This costume was designed in 1920 by the painter Henri Matisse for Serge Diaghilev’s Les Ballets Russes (The Russian Ballet) version of Igor Stravinksy’s opera Le rossignol (The nightingale). In commissioning Matisse and other painters of the European avant-garde, Diaghilev established Les Ballets Russes as being in the spirit of modernism and artistic experimentation.
This production of Le chant du rossignol is based on the Hans Christian Andersen story of a mechanical songbird presented by the Emperor of Japan to the Emperor of China. Matisse interpreted the orientalist theme and Léonide Massine’s streamlined choreography of the ballet in elegant and dramatically simple costumes and scenery, influenced by Chinese porcelain, paintings on silk and lacquer screens.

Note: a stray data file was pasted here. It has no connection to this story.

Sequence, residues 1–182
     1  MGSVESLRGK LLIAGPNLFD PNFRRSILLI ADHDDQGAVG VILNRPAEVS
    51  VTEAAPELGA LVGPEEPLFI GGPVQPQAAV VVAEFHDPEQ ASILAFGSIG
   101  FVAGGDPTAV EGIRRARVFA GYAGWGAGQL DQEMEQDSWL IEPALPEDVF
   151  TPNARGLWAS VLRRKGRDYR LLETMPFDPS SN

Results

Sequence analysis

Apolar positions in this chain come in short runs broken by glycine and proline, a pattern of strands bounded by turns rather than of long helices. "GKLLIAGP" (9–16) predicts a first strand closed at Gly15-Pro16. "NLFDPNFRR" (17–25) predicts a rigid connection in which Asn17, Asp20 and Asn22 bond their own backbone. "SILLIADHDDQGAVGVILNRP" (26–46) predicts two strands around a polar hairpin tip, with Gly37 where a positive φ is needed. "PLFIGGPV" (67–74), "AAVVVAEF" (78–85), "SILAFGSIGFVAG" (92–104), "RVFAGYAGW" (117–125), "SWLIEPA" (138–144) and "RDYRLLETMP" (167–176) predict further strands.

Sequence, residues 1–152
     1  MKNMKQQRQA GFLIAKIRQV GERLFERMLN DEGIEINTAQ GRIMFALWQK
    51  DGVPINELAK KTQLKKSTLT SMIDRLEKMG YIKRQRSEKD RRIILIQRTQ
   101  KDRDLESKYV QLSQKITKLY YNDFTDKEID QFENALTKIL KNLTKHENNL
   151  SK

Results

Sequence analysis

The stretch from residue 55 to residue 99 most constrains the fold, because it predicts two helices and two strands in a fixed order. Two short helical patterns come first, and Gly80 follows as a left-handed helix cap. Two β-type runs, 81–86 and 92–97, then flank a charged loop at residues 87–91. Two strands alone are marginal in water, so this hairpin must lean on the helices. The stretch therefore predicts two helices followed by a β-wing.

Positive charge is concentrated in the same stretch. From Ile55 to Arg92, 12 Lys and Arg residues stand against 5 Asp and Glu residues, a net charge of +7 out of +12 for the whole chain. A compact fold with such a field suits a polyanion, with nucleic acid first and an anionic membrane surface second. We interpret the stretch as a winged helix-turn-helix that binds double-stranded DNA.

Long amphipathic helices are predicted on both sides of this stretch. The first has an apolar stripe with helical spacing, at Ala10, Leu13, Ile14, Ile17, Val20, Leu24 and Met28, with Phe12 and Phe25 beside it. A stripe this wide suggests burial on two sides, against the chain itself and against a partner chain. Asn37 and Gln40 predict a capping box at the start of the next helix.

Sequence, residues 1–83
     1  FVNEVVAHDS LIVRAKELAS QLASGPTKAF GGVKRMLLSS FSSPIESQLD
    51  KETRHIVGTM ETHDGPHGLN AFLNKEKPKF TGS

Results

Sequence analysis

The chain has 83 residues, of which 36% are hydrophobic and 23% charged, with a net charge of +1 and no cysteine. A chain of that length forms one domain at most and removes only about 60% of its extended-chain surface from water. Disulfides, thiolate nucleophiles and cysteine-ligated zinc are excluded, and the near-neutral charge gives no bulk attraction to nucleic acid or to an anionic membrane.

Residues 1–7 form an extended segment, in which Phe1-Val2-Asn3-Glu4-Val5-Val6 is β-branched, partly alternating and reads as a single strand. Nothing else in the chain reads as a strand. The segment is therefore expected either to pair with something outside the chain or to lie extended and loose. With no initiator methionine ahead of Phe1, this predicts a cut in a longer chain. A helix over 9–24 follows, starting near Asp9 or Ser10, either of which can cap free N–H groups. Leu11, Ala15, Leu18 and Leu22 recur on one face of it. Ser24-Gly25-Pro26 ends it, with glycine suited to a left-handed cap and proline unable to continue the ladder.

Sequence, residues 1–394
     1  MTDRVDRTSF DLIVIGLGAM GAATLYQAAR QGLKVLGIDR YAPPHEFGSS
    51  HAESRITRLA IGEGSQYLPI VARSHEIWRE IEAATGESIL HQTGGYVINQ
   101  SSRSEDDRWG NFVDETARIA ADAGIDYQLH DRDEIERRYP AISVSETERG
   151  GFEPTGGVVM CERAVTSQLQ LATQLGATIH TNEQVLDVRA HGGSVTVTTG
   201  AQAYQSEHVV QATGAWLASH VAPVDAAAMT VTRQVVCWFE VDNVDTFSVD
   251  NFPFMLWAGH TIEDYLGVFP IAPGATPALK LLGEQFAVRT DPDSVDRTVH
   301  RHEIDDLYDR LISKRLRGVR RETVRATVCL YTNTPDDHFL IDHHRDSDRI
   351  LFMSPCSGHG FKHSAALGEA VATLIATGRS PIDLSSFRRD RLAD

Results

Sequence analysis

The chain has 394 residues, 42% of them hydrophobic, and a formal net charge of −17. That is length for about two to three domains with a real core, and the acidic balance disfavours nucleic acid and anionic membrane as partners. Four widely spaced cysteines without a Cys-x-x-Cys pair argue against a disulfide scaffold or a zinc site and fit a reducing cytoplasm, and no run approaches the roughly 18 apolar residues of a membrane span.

This white felt robe for the production’s Mourner characters has appliqué geometric spots and chevrons, representing the markings of the Chinese deer, an animal that symbolises longevity in Chinese mythology. The graphic patterns of this costume converted the mourners into a spectacle of abstract shapes.
This costume is part of the Gallery’s extensive collection of costumes designed for Diaghilev’s Les Ballets Russes from 1909 to 1929.
Text © National Gallery of Australia, Canberra 2010
From: Ron Radford (ed), Collection highlights: National Gallery of Australia, National Gallery of Australia, Canberra, 2008